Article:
Thursday, January 17, 2013

The silver feathers on an Anhinga's wings...or...baby's got bling!

When you seen Anhingas at a distance, they appear black, and you might not even know they carry a spectacular pattern of black and white (silver) feathers on their wings. When you're sitting right next to them, however, it's easy to see the "bling" on their backs...

A male Anhinga preening, showing off the striking pattern of black and silvery-white feathers on his wings.
This is the same Anhinga I talked about in two earlier posts that sat very close to me (click here for those close-up photos). Close viewing of the Anhinga's back let me study the beautiful pattern in his wing feathers (coverts and scapulars). I always thought these feathers were white, but up close, I could see they were silver...not white, not dull gray, but shiny silver!

The "white" covert and scapular feathers on an Anhinga are a glossy silver color. From a distance they appear white because of the contrast with the black feathers.
When I got home, I looked up Anhingas to see if they really did have glossy silver wing coverts and scapulars, or had I just imagined it. It turns out they do, and they owe their silver feathers to a special structure in the barbules of the feather. I found a detailed technical article published in the Journal of Morphology that explains why those feathers are indeed silver. Click here to read "Proximate Bases of Silver Color in Anhinga (Anhinga anhinga) Feathers," by Matthew D. Shawkey, Rafael Maia, and Liliana D'Alba.

...whether silver or white, the pattern on the back of an Anhinga is striking.
Bird feathers contain a center shaft called a rachis. Barbs branch off the rachis, and barbules branch off the barbs. The barbules run almost parallel with the rachis and hook together to make the feather strong.  The barbules in silver feathers are different--they are longer than those in other feathers, and they are flattened. Additionally, they twist a little, and one side is black and the other side is translucent. The twist means part of the translucent barbule is exposed, which creates the silver sheen. I found an article on the BBC Earth News site explaining the research of Dr. Ismael Galvan by Matt Walker called "Birds unveil 'silver wings'" (click here). This article is a little easier to understand than the technical research paper and clearly explains how the silver sheen appears on the feathers.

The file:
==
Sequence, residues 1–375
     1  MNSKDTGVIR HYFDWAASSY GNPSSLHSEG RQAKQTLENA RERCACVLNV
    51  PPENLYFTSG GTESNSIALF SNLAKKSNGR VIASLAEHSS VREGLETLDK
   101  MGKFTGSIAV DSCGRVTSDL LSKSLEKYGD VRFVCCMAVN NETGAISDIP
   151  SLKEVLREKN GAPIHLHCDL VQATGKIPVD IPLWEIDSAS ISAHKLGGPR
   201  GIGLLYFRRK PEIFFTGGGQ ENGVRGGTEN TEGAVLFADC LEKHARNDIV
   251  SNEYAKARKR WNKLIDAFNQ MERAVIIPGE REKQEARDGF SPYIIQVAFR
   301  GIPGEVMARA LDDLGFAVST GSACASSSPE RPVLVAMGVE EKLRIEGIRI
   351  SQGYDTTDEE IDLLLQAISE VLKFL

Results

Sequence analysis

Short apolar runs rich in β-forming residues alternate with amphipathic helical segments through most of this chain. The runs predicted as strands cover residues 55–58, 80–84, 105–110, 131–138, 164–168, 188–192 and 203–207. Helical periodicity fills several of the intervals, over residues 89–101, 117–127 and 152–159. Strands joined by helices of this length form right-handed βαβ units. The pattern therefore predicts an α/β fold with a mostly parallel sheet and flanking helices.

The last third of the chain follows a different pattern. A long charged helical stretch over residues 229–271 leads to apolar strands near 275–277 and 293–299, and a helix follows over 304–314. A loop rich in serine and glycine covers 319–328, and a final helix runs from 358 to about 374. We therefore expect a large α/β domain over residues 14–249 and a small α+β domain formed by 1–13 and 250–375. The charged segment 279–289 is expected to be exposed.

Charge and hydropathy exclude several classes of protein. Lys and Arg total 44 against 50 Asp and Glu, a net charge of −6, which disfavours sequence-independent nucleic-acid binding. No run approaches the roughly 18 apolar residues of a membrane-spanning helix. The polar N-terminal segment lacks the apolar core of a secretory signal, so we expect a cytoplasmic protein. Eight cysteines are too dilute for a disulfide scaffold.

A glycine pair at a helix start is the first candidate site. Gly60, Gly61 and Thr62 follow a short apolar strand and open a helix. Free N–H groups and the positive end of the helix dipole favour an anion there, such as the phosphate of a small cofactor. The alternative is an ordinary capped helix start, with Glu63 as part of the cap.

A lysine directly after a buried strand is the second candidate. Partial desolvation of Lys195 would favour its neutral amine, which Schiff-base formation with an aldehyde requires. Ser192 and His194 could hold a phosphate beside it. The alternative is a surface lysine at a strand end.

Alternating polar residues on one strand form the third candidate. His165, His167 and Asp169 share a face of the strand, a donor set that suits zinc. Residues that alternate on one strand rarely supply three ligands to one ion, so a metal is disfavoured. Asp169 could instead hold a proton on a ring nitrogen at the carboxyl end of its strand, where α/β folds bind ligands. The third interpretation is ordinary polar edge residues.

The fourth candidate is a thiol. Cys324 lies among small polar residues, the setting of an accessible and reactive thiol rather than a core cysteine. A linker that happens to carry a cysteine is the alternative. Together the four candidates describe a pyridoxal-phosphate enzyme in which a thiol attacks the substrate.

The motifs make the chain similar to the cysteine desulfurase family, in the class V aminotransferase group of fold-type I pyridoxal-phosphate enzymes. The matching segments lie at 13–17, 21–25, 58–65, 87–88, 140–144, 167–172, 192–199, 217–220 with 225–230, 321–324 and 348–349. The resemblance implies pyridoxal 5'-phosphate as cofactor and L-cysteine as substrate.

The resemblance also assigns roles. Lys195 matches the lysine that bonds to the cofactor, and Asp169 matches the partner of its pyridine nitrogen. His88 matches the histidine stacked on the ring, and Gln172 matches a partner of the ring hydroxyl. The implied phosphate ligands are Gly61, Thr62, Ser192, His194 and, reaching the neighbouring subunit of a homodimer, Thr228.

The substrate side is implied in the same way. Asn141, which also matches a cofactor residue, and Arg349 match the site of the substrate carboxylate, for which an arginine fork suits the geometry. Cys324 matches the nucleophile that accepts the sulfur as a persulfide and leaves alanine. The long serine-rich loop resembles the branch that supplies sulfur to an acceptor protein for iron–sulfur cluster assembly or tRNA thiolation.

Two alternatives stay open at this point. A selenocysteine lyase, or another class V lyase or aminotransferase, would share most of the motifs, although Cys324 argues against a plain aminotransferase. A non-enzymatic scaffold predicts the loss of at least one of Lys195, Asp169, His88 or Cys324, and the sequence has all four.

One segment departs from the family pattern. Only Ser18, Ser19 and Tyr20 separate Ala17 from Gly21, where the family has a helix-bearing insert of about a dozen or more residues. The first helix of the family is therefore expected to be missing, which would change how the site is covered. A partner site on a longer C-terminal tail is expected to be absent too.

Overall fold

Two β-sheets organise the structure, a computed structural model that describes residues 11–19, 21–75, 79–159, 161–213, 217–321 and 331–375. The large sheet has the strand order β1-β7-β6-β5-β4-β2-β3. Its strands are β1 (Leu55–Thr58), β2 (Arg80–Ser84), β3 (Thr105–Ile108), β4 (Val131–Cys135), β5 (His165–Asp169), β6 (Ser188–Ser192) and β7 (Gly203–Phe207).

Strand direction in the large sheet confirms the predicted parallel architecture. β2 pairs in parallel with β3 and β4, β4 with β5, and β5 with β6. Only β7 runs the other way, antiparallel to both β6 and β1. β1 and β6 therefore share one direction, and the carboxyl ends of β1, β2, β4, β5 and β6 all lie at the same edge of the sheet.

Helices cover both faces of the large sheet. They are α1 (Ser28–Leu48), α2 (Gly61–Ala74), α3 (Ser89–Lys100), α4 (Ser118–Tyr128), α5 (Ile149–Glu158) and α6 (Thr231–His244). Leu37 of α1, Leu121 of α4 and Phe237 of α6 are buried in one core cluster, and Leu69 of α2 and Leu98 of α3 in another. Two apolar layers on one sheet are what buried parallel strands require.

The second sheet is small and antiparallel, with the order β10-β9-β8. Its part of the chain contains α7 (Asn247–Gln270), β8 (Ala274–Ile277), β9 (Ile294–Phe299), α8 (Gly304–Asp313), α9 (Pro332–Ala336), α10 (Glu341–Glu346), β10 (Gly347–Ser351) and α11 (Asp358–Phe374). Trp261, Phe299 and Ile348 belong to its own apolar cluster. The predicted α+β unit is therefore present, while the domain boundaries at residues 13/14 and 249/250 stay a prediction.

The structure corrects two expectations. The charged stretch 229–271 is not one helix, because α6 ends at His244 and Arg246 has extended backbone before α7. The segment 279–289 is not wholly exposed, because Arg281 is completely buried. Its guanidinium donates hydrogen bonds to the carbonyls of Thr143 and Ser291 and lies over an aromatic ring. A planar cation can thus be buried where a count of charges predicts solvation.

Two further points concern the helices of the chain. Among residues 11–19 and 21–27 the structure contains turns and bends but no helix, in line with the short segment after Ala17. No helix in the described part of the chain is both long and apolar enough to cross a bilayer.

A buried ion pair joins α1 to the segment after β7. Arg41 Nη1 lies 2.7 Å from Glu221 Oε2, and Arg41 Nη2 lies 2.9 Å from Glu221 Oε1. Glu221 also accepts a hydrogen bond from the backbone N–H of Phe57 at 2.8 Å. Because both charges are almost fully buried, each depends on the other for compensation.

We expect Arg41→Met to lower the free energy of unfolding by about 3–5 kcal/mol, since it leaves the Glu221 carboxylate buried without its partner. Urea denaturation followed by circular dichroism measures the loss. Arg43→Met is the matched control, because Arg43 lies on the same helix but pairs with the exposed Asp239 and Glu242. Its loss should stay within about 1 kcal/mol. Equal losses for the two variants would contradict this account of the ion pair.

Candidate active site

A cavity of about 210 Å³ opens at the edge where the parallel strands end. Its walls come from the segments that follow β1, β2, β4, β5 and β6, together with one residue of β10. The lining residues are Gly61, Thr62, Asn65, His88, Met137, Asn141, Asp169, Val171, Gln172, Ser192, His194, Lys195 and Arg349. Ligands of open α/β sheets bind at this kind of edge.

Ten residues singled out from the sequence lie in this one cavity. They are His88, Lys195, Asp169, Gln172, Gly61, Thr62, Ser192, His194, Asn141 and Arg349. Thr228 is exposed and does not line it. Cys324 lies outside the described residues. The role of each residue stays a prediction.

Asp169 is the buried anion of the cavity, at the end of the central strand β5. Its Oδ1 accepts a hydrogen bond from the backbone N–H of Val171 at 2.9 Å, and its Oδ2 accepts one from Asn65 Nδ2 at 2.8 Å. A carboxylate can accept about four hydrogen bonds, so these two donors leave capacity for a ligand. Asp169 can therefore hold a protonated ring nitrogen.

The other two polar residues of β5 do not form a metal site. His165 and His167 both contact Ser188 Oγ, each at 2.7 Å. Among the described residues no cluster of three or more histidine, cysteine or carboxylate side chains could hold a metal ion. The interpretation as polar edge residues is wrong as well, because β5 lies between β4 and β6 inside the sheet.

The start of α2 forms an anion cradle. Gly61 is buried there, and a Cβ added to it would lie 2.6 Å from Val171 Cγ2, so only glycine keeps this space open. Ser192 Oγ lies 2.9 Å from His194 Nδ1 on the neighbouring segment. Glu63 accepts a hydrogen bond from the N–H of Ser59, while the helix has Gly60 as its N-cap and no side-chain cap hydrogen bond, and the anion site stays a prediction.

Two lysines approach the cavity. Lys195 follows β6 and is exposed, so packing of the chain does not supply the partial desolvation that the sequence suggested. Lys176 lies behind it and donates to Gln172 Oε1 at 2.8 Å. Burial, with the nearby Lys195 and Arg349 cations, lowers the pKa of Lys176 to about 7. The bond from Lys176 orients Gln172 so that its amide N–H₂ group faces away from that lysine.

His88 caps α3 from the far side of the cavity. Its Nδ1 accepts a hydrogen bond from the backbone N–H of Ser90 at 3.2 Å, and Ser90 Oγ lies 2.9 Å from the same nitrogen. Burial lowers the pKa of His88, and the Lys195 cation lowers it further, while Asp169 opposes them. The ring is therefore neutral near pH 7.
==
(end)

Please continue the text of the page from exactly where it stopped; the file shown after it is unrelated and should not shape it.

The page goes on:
Galvan concluded that dark-colored birds evolved the silver sheen as a way to "become more colorful and conspicuous," while still keeping the benefits of dark-colored feathers (dark feathers contain the pigment melanin, which makes them stronger and protects the feathers from abrasion and UV radiation). 

This is the third part of the Anhinga series:
Part 1: Anhinga close-ups
Part 2: More Anhinga photos; spread-wing posture
Part 3: The silver feathers on an Anhinga's wings

24 comments:

TexWisGirl said...

gorgeous patterns! very striking!

Robert Mortensen said...

Wow! Beautiful!

Pam ;) said...

You captured the feather details perfectly, Kelly.

Carol Mattingly said...

Just gorgeous.

dAwN said...

OMG! You captured it wonderfully!

holdingmoments said...

A stunning bird Kelly.
I love those blue eyes.

KaHolly said...

Awesome post!! You really did your homework. I love learning new things.

Julie G. said...

Fascinating information, Kelly! I've always thought that Anhingas have stunning feathers. Superb photographs!

Betsy Adams said...

HI Kelly, The Anhinga is a gorgeous bird... Amazing that he wasn't afraid of you... You got some fabulous shots of him... I love those colors. Beautiful.
Hugs,
Betsy

Hilke Breder said...

Gosh, Kelly, so wonderful! Your images leave me breathless!

Janice K said...

Such a magnificent bird with those big blue eyes. You must have been so excited to be so close to it. The design of the feathers is so beautiful!

Cicero Sings said...

I don't comment very often but I do still follow your blog. Your photos are amazing and I love to see all your sketches and paintings too.
This bird today ... amazing!

Montanagirl said...

Kelly, this was really interesting. That's such a beautiful bird! Love that silvery patten on their feathers, and the vivid blue around their eyes! Gorgeous photos.

Elaine said...

Truly a fascinating bird! What a special gift he gave you by plopping down so close to you, and you definitely made the best of the opportunity. Well done!!

Guy said...

Hi Kelly

These are stunning photos and the information you provided was great.

A wonderful post.

Guy

Ana Mínguez Corella said...

Wonderfull bird. Exotic and elegant.. Great pictures!!!.. Congrat..

Kerri said...

Absolutely stunning .... breathtaking!

PlantPostings said...

Your photography is beautiful! I was doing some research about Wild Ginger and happened across your blog. I'm so glad I did. Cheers!

Tammie Lee said...

so very beautiful
and stately~

Jenny said...

Ah, I've missed your wonderful photos Kelly! I've been MIA for the past year! I've written a new blog post though and am hoping to get back into it! Oh, did I say.....wonderful photos! (-: xx

Kelly said...

Thanks, everyone! What a cool bird. I'm so glad he stayed so close. I learned a lot from him!!

Steve Borichevsky said...

Wow, I've only seen these from a distance. I had no idea how wonderful they are.

Kathie Brown said...

With that gorgeous blue eyes and that silver gown this bird looks like it is ready for the red carpet at the Oscars!

E said...

Beautiful pics, Kelly, great videos.
Thanks for your nature classes, we learn all the time with you about the wonderful birds and flowers. Abrazos.